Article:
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12 of the most beautiful places to visit in Spain this autumn

With the crowds gone, autumn is the perfect season to do some exploring around Spain. Whether it's hiking in nature, visiting quaint mountain villages or stopping at a local winery, here are 12 top getaways to enjoy this 'otoño' (autumn).

12 of the most beautiful places to visit in Spain this autumn
The turquoise waters of the Urederra river, which runs through Urbasa National Park in Navarre (northeastern Spain), another amazing autumn destination in Spain. Photo: Maria Ostolaza/Flickr

Spain is famous for its long hot summers and amazing beach holidays, but that doesn’t mean the country shuts down for the rest of the year.

Indeed, much of the more enjoyable travelling in the country happens after the usual tourists crowds head home and temperatures become milder.

Autumn is a more intimate season in Spain, a chance to explore quieter corners and the great outdoors as landscapes turn from vivid green to orange and ochre.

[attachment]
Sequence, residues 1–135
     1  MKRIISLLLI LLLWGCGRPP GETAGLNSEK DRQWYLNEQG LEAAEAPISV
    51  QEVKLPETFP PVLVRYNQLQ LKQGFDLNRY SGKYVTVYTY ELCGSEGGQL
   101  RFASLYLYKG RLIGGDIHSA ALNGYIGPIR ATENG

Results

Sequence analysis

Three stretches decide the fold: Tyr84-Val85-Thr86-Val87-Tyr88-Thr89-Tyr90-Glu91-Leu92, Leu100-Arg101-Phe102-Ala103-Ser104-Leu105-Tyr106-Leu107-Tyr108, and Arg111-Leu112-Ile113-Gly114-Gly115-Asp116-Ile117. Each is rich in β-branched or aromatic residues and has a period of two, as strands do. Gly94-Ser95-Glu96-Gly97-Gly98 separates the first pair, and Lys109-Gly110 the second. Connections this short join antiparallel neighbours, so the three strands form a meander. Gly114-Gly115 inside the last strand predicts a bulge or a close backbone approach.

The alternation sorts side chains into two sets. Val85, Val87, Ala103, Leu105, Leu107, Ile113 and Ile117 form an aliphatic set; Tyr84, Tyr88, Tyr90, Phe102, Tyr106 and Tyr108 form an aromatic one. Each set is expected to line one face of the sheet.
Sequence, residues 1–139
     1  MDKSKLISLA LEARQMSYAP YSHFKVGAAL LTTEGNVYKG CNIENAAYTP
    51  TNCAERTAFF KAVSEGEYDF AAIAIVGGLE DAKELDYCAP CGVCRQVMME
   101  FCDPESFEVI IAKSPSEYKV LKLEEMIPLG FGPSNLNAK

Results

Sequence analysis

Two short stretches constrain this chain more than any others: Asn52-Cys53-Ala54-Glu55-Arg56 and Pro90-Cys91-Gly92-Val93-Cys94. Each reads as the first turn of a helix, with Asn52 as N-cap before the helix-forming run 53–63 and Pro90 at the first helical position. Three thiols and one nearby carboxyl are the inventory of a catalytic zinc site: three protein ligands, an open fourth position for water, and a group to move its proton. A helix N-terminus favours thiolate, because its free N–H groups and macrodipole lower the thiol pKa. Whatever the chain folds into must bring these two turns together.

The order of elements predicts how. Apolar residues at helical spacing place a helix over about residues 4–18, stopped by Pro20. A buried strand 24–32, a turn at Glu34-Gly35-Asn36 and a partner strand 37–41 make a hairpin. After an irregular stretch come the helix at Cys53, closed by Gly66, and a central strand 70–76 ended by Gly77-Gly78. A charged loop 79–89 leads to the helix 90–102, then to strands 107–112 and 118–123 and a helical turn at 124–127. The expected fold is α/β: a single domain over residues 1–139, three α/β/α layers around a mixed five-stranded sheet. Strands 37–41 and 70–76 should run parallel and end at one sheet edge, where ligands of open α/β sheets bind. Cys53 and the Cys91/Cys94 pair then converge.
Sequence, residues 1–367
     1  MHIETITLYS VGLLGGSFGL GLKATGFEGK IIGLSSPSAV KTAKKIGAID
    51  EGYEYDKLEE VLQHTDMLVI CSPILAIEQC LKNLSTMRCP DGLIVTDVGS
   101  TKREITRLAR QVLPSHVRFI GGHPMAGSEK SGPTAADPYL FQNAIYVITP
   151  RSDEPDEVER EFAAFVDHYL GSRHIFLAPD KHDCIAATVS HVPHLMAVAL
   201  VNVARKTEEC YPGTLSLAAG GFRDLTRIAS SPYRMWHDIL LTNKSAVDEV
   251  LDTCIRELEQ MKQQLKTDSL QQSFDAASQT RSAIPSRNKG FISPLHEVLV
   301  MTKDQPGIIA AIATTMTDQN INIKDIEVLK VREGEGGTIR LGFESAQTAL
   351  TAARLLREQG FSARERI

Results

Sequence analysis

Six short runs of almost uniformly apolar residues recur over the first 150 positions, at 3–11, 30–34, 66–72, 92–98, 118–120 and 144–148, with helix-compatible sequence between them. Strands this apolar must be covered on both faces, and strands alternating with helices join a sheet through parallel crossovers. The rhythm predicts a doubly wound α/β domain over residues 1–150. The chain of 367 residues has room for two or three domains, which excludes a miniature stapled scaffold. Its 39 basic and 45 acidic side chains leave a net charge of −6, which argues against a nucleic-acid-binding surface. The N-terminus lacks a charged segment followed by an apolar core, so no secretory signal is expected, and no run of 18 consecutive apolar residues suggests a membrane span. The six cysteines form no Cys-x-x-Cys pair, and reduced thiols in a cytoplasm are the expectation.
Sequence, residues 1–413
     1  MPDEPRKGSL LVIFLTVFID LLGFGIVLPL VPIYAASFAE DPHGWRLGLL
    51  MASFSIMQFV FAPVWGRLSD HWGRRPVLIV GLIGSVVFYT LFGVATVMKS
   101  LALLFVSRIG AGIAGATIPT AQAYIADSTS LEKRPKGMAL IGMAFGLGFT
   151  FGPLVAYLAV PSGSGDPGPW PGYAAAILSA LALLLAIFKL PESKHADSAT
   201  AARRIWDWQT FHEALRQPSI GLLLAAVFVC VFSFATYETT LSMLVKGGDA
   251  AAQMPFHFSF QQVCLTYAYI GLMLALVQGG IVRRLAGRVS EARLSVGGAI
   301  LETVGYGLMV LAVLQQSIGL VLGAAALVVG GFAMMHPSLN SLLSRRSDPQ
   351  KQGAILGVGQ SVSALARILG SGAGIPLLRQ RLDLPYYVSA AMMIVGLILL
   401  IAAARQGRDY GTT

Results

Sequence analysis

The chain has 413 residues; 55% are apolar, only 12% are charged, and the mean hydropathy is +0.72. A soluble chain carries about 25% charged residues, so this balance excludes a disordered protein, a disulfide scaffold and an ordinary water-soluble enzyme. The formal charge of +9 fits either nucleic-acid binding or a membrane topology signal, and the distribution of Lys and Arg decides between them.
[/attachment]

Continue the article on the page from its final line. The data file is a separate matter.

From incredible hiking in the Pyrenees to subtropical forests in the Canary Islands, The Local has put together a list of some of Spain’s best autumn getaways.

Val d’Aran, Catalonia

The unique Aran Valley is the only part of Catalonia on the northern side of the Pyrenees. In winter it’s a popular ski area but in autumn its dramatic mountain peaks and exquisite villages make for perfect hiking country.

The valley is also a paradise for linguists with locals here speaking Spanish, Catalan and their very own Aranese, a dialect of Occitan which only a few locals speak.


Photo: Paco CT/Flickr

Castañar de el Tiemblo, Ávila
 
A visit to this charming chestnut forest near Avila makes for a perfect day trip from Madrid, and can get pretty busy on the weekends. But don’t let that you put you off. If your aim is to see the autumn colours in all their glory at all costs, this is a fabulous spot to drink in the oranges, reds and golds of the season.